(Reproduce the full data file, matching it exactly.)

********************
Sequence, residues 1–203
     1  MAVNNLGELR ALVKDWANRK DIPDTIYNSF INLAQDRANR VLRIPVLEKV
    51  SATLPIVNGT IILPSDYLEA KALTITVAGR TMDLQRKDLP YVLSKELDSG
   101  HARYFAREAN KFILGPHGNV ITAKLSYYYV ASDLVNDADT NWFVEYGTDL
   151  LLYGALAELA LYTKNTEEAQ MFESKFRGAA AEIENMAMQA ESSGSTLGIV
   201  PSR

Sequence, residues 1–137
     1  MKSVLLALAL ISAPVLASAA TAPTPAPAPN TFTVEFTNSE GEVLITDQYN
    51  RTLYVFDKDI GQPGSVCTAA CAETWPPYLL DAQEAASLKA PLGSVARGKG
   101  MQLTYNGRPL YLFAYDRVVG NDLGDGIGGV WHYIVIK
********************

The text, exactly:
Sequence, residues 1–203
     1  MAVNNLGELR ALVKDWANRK DIPDTIYNSF INLAQDRANR VLRIPVLEKV
    51  SATLPIVNGT IILPSDYLEA KALTITVAGR TMDLQRKDLP YVLSKELDSG
   101  HARYFAREAN KFILGPHGNV ITAKLSYYYV ASDLVNDADT NWFVEYGTDL
   151  LLYGALAELA LYTKNTEEAQ MFESKFRGAA AEIENMAMQA ESSGSTLGIV
   201  PSR

Sequence, residues 1–137
     1  MKSVLLALAL ISAPVLASAA TAPTPAPAPN TFTVEFTNSE GEVLITDQYN
    51  RTLYVFDKDI GQPGSVCTAA CAETWPPYLL DAQEAASLKA PLGSVARGKG
   101  MQLTYNGRPL YLFAYDRVVG NDLGDGIGGV WHYIVIK